The MIM Peru project work plan is very detailed and intensive. It includes preparation of materials, distribution activities (including face-to-face meetings with communities and local leaders), and capacity-building activities. The MIM technical teams—each composed of two to three young professionals who receive support from the executing agency—had a hard time reaching the high targets set for them. That’s why they started recruiting volunteers.

Box 1: MIM Caravans: Young Volunteers Put the Fun into Becoming Informed The “Don Justo” theater, educational games, a question box for residents’ questions to the mayor, and a mobile chalkboard (to gather local opinions and inform the population about other activities) were part of the education caravan held in the town square of the city of Moquegua, the copper capital of Peru. The caravan initiative, organized by MIM Moquegua, seeks to inform and educate the local population regarding local authorities’ management of mining canon resources and help residents exercise informed citizen oversight. The mayors of the cities of Arequipa and the province of Mariscal Nieto (Moquegua), both located in southern Peru, visited the activities and were surprised at the massive showing of local residents and the enthusiasm present. “Young people are clearly very interested and concerned about municipal investments in Moquegua,” said the mayor of Arequipa upon witnessing the participation of the young volunteers who gave the caravan life by guiding, motivating, and educating the population in fun and entertaining ways.

MIM volunteers perform “Don Justo” street theatre in a rural community of Ancash. Photo by Karla Diaz



The project aimed at having the volunteers participate for at least six months—an entire MIM cycle. During the life of the project, however, there was high turnover among volunteers, with over 300 volunteers who participated on average three months. The team learned that this turnover was due to the lack of a formal structure that could have kept the young students motivated. Managing volunteers includes considering them part of the project’s team and preparing six-month programs for them, including training, dissemination activities, a certificate of participation, and, where possible, the recognition of their work as an internship (required to graduate) by the university where they study.

Projects such as MIM Peru that focus on informing and educating the population are an integral part of promoting development. Communications were a key factor in the success of the MIM project, as indicated by a final survey comparing data from December 2010 to that of December 2008: • All of the municipalities monitored showed an increase in their understanding of basic concepts of royalties and municipal investment. • Understanding of mining canon increased from 17.7 percent to 46.7 percent. • Access to information on mining canon increased from 30.8 percent to 43.9 percent. • Understanding of the right to ask for information increased from 45.4 percent to 55.0 percent. • The perception regarding public disclosure of municipalities on the use of revenues increased from 8.0 percent to 26.3 percent. • The perception of the usefulness of the way in which municipalities report their spending increased from 25 percent to 58 percent. The lessons shared here have been tested and have proven valuable, so much that they were incorporated into the design of a new MIM Peru project. (See Box 2)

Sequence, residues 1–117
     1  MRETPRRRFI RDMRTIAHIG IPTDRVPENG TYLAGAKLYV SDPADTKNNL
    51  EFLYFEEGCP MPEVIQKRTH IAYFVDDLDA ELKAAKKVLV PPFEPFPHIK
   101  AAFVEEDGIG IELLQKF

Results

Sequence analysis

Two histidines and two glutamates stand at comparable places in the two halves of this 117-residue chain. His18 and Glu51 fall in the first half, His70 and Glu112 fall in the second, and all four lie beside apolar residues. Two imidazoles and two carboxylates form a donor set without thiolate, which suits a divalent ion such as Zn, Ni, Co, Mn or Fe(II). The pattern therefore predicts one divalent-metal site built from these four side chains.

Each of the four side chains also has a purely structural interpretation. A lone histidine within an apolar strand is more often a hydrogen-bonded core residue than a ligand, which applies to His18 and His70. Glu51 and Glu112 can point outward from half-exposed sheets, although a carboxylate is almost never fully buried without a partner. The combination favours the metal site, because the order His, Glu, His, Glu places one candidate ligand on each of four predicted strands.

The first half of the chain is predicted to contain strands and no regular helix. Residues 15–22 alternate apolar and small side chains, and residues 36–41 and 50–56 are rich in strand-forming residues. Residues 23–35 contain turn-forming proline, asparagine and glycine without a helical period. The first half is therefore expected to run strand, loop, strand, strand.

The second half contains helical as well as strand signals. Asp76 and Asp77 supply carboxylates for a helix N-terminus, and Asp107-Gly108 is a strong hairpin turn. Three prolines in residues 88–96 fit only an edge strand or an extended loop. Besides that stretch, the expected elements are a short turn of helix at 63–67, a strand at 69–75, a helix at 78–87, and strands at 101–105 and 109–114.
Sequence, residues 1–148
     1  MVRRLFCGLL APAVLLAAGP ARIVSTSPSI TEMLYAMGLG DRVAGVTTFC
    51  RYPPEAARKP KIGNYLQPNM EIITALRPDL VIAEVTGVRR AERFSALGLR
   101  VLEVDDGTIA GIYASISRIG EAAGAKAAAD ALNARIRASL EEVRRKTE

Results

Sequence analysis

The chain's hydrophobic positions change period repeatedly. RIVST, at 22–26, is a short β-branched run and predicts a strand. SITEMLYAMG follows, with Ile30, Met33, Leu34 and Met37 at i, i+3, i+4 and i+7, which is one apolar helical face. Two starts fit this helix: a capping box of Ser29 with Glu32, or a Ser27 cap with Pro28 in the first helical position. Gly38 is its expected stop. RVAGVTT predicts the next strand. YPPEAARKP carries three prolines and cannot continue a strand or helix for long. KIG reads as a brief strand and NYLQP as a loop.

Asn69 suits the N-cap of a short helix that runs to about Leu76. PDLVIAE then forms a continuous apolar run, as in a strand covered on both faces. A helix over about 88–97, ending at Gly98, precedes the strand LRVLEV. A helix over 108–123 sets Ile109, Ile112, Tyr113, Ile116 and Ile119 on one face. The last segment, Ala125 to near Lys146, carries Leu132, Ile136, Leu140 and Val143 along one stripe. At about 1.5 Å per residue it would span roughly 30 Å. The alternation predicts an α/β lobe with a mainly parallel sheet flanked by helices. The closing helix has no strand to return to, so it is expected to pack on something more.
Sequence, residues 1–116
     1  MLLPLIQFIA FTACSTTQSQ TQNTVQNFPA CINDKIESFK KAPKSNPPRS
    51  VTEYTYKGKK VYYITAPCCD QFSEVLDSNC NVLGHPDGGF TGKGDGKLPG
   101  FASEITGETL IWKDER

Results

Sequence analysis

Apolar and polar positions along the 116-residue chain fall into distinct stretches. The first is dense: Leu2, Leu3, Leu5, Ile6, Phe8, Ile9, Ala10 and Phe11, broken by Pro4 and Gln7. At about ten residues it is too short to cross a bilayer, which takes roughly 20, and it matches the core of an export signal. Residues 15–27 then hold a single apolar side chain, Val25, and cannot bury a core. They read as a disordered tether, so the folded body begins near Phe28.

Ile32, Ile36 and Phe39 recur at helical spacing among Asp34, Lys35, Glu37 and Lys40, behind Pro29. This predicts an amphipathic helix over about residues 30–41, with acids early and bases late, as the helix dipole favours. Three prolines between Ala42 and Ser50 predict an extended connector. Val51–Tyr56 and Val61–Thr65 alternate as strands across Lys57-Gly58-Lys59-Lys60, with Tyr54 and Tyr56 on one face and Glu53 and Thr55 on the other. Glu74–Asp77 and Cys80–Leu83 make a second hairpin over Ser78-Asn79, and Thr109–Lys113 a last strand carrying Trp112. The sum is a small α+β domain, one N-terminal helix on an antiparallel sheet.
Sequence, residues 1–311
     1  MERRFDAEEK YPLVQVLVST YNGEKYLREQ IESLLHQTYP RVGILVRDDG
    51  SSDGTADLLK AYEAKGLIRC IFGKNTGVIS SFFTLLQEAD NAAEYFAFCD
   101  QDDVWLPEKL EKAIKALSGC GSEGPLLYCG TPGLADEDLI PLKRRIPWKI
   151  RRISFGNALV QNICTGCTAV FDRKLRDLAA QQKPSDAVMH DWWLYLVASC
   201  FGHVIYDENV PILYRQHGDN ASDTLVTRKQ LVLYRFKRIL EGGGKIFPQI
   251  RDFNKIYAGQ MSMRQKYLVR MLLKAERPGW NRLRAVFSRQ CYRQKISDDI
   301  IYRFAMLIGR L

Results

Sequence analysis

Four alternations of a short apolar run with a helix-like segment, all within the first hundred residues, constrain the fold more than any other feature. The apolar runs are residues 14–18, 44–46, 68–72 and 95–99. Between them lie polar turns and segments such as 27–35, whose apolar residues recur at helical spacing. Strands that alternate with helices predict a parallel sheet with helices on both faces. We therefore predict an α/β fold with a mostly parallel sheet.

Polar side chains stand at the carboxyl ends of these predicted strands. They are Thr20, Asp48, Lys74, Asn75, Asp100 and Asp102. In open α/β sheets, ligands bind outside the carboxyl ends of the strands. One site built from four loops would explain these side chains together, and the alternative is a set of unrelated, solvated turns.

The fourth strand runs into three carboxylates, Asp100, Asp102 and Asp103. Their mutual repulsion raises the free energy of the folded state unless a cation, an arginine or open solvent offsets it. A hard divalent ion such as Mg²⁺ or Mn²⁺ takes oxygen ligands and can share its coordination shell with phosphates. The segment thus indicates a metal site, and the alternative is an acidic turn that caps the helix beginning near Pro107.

Box 2: The Next MIM Marathon! The new MIM Peru project (ID 581028): • Has a communications strategy conceived as a transversal component based on a behavioral-changes approach. It has clearly defined its target audiences and the expected behaviors, and all the materials and activities have been developed accordingly. • As the project now goes beyond social accountability and focuses on promoting good governance, it has a refreshed image due to the revision of the attributes and benefits associated with the project brand. • Has incorporated activities to provide information, capacity building, and incentives that target the media so they may continue to be engaged with the project.